Apple Scoffs at Cisco Trademark Lawsuit, Says It Will Prevail

By Chris Preimesberger  |  Posted 2007-01-11 Print this article Print

IT giants each contend they have the right to use the name iPhone; Apple owns the rights in other countries and calls the Cisco lawsuit "silly."

The calm discussion between Apple and Cisco Systems over the product name iPhone that started in 2001 may turn into an unpleasant legal tussle if its not settled out of court, because the two companies remain staunch that they each have the right to use it. Apple CEO Steve Jobs on Jan. 9 introduced what he called the iPhone, the companys most important new product since the iPod in 2001. Jobs, calling the combination iPod, cell phone and connected handheld one of the most exciting products hes ever worked on, said the iPhone would "reinvent the telephone." The following day, Cisco filed a lawsuit against Apple for trademark infringement on the iPhone name, because it received the iPhone trademark seven years ago when it acquired Infogear. Infogear, which filed for the trademark in 1996, became a part of Ciscos Linksys division. That division introduced a new family of iPhones early in 2006 and expanded it again in December.
Apple on Jan. 11 was nonchalant about the legal threat.
"We think the Cisco lawsuit is just silly, because a number of other VOIP companies are already using the name iPhone," Natalie Kerris, Apples director of music public relations, told eWEEK. "We contend that their United States trademark is tenuous at best, because we see it as a generic term. We are also the first company to name a cell phone as the iPhone. If Cisco wants to challenge us on it, were confident well prevail." Apple has no comment on what the next legal move will be, or whether the discussions are going to continue with Cisco, Kerris said. Teledex, Nex-Tech and Etronicsland all are among the companies currently marketing products called iPhone on the Internet at this time. Apple Already has iPhone Trademarked Elsewhere A search of trademark and patent office Web sites revealed that Apple already has the iPhone trademarked in the United Kingdom, Singapore and Australia, while other filings are pending in Canada, the European Union, New Zealand and Hong Kong. Cisco said in its complaint that Apple had first approached the company about acquiring the rights to the iPhone trademark in 2001. Over the years, Apple continued to make requests for the rights, including several attempts in 2006, Cisco said. "Weve owned the iPhone trademark for years. Apple has acknowledged this by coming to us repeatedly over the last five years to acquire the right to use the trademark," said Cisco spokesperson John Noh. "Thats a clear acknowledgement that we own the trademark. The actions we took are not about money or the product, but about an obligation to protect our trademark in the face of Apples willful violation of it," he added. In the weeks leading up to the Jan. 9 launch of the new Apple iPhone, Cisco and Apple had engaged in extensive discussions over an agreement to "share" the trademark, according to Noh. But Apple launched the iPhone on Jan. 9 without signing the agreement, he added. "We sent over the final terms to them Monday, and we didnt get the approved agreement back from them. But they launched the product anyway. We believed that meant they agreed to the terms and would send over a signed agreement to us. That didnt happen today. By that action, we believe they decided to forgo the agreement and used our trademark illegally," Noh said. Next Page: Riding a fine line, hoping for a settlement.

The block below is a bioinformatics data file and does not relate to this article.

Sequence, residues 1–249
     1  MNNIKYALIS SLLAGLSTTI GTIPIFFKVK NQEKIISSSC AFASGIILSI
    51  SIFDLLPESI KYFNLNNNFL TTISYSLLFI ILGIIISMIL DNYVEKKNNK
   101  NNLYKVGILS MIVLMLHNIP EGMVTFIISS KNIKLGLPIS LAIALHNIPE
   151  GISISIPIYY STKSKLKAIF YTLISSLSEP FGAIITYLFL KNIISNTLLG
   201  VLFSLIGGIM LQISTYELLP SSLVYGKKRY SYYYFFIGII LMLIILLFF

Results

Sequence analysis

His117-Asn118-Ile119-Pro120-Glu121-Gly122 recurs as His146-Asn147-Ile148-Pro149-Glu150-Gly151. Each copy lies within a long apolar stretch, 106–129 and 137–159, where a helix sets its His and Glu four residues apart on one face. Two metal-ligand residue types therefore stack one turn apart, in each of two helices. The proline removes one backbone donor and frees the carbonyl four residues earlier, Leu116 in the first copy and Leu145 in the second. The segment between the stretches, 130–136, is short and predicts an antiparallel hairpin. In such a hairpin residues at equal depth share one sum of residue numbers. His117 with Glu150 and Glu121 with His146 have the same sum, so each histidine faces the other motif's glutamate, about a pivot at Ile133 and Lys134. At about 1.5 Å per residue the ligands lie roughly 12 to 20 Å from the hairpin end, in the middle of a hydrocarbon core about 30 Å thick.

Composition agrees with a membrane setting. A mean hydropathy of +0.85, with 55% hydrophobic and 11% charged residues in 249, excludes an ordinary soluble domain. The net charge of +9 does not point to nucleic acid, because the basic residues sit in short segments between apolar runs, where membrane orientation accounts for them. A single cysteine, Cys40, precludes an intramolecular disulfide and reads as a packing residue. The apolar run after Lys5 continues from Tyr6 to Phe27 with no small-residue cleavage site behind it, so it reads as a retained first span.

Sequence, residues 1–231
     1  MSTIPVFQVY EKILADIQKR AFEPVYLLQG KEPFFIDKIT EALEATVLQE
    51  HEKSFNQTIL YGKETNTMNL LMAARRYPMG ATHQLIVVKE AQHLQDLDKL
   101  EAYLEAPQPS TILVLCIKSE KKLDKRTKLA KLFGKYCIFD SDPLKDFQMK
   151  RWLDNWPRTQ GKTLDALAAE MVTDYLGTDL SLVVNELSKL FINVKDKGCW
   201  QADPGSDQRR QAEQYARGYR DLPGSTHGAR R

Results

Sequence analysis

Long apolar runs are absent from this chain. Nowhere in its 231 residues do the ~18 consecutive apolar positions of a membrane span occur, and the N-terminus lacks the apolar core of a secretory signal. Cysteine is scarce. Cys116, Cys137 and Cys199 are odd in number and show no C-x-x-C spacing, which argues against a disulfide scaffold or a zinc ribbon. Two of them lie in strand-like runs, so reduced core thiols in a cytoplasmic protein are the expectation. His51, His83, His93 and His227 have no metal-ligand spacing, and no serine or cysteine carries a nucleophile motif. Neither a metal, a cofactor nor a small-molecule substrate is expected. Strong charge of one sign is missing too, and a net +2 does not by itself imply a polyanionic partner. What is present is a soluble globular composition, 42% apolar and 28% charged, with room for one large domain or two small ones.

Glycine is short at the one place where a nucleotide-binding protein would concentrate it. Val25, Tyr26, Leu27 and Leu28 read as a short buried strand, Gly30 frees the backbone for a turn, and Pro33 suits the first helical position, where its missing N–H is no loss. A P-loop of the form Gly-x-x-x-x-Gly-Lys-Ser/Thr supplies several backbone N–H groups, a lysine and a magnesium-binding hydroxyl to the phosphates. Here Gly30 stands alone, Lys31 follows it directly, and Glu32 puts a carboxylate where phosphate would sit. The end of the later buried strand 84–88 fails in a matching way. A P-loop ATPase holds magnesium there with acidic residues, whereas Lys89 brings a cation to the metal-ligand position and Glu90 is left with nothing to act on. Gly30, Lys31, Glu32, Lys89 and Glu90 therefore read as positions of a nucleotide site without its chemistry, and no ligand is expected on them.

Chris Preimesberger Chris Preimesberger was named Editor-in-Chief of Features & Analysis at eWEEK in November 2011. Previously he served eWEEK as Senior Writer, covering a range of IT sectors that include data center systems, cloud computing, storage, virtualization, green IT, e-discovery and IT governance. His blog, Storage Station, is considered a go-to information source. Chris won a national Folio Award for magazine writing in November 2011 for a cover story on and CEO-founder Marc Benioff, and he has served as a judge for the SIIA Codie Awards since 2005. In previous IT journalism, Chris was a founding editor of both IT Manager's Journal and and was managing editor of Software Development magazine. His diverse resume also includes: sportswriter for the Los Angeles Daily News, covering NCAA and NBA basketball, television critic for the Palo Alto Times Tribune, and Sports Information Director at Stanford University. He has served as a correspondent for The Associated Press, covering Stanford and NCAA tournament basketball, since 1983. He has covered a number of major events, including the 1984 Democratic National Convention, a Presidential press conference at the White House in 1993, the Emmy Awards (three times), two Rose Bowls, the Fiesta Bowl, several NCAA men's and women's basketball tournaments, a Formula One Grand Prix auto race, a heavyweight boxing championship bout (Ali vs. Spinks, 1978), and the 1985 Super Bowl. A 1975 graduate of Pepperdine University in Malibu, Calif., Chris has won more than a dozen regional and national awards for his work. He and his wife, Rebecca, have four children and reside in Redwood City, Calif.Follow on Twitter: editingwhiz

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